According to several people I spoke with, another issue is rising housing costs which makes it very difficult for industry staff to be able to afford to live. Sound familiar? The state is absolutely gorgeous and more and more people from the mainland are purchasing land, building home and buying condos/timeshares. This is happening on all of the islands and is driving up land and housing prices everywhere. It reminded me about what has been happening in cottage country for years, which has led to staffing shortages and a housing crisis in our near North. I got the feeling that it has been a slower progression in Hawaii but I attribute that to population proximity. Cottage country is a two-hour drive away for almost 10 million people, whereas Hawaii is a five-hour flight from its closest neighbour. Regardless, the inflated housing prices and rental rates are forcing more and more hospitality staff to move further away, increasing commute times on already long shifts.
However, regardless of commute times, housing and living prices and long work days, everyone who interacted with us said they absolutely loved where they lived. From our server from the mid-West who had been “on island” for six months, to Lehua, our coach driver and tour guide who was born and raised in Oahu, they spoke of their island and its people with pride. We spent three days touring Oahu with Lehua, who spoke quite candidly about the culture of the locals and the impact that tourism has had over the years. We learned all sorts of words which truly seem to be part of the common dialect on the island, and not just something used to amuse us “haole’s”, which as it turns out means foreigner and is misspelled by most haole’s as howlie or howly. She also told of the story of how their famous shaka or “hang loose” sign came to be. A long time ago, a worker at one of the plantations accidentally had his three middle fingers cut off in some machinery. After he healed, he wasn’t able to do the job he had been, but was still a valuable member of the staff. One of the jobs he was assigned to do was flag down the trains when loads were ready to go to the docks. He would do so with his injured hand and the conductors would return the gesture as an acknowledgement. It spread from there.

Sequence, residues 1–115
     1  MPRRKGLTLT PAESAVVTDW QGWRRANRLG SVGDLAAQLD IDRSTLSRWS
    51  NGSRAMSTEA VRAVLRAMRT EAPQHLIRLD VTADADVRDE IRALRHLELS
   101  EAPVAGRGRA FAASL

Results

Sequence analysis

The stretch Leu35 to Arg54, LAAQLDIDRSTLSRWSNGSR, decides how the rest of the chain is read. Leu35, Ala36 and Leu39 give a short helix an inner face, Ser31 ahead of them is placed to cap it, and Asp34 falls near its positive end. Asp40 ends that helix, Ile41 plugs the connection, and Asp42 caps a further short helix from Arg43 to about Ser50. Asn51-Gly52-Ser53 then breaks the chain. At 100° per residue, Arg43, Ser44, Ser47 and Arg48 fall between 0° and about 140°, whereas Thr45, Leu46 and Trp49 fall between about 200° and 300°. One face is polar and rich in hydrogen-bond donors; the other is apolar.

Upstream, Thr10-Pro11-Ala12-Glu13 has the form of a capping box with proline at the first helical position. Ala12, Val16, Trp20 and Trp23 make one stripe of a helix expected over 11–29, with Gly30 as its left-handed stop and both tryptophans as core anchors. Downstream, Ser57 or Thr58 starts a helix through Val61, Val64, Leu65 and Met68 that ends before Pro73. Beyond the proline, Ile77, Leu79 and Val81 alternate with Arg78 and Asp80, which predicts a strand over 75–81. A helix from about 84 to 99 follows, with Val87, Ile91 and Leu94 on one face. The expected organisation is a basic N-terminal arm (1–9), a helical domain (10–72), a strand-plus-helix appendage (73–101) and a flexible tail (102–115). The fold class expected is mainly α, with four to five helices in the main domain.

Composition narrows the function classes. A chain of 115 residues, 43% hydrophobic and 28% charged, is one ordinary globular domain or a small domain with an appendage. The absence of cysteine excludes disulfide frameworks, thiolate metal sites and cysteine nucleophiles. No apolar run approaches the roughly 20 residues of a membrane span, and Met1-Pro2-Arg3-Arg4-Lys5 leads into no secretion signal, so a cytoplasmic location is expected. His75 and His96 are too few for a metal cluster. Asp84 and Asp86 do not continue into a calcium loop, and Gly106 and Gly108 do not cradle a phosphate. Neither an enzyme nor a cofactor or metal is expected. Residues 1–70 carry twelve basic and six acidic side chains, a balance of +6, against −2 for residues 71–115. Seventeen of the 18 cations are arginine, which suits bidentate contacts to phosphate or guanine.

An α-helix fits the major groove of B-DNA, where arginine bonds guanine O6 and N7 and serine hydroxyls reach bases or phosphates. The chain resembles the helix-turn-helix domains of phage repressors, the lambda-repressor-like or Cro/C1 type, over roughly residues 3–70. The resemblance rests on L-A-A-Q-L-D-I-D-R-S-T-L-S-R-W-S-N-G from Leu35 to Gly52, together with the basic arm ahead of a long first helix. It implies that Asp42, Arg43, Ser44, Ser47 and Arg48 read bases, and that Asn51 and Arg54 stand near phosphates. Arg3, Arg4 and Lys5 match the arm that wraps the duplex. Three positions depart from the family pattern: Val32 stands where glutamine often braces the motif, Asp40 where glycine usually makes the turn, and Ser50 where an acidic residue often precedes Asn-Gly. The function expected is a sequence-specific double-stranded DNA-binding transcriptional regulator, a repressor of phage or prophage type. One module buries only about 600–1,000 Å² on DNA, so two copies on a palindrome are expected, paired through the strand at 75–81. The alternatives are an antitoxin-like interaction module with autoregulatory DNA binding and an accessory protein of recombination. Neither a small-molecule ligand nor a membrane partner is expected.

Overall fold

One night we were eating dinner with a father and son from Maui. The son was born on the island and the dad had been in Hawaii for over 30 years. I asked him how long one needs to live on the islands before they are considered locals. He said he felt at home as soon as he moved and that there really wasn’t a locals versus imports vibe on the islands. Hawaii, like Ontario, almost tripled in population between 1950 and today. You can’t get that growth without new residents moving from other places. Lehua, who’s cultural background includes a mix of first people’s (Polynesian and Samoan) and Western Europe (French and Irish) did spend some time talking about the living culture of the indigenous populations. She was saying that because westerners have been visiting the islands from all the way back to Captain Cooks time, there were actually less than 5,000 pure-blood indigenous people on the islands. And she was quick to point out that even these people were a mix of several cultures that first inhabited the islands from neighbouring islands to the east. And, while Hawaiian history and culture was a predominant topic of discussion on all of our tours, Lehua didn’t sugar-coat that more needed to be done to both protect the history and its indigenous people’s who, like in so many other areas, are often living at or below a “living wage” income. She says it is slowly getting better and that is thanks in part to today’s tourist, who is more likely to want to experience authenticity compared to when her boyfriend, Elvis Presley, was making movies on the islands in the 50s and 60s.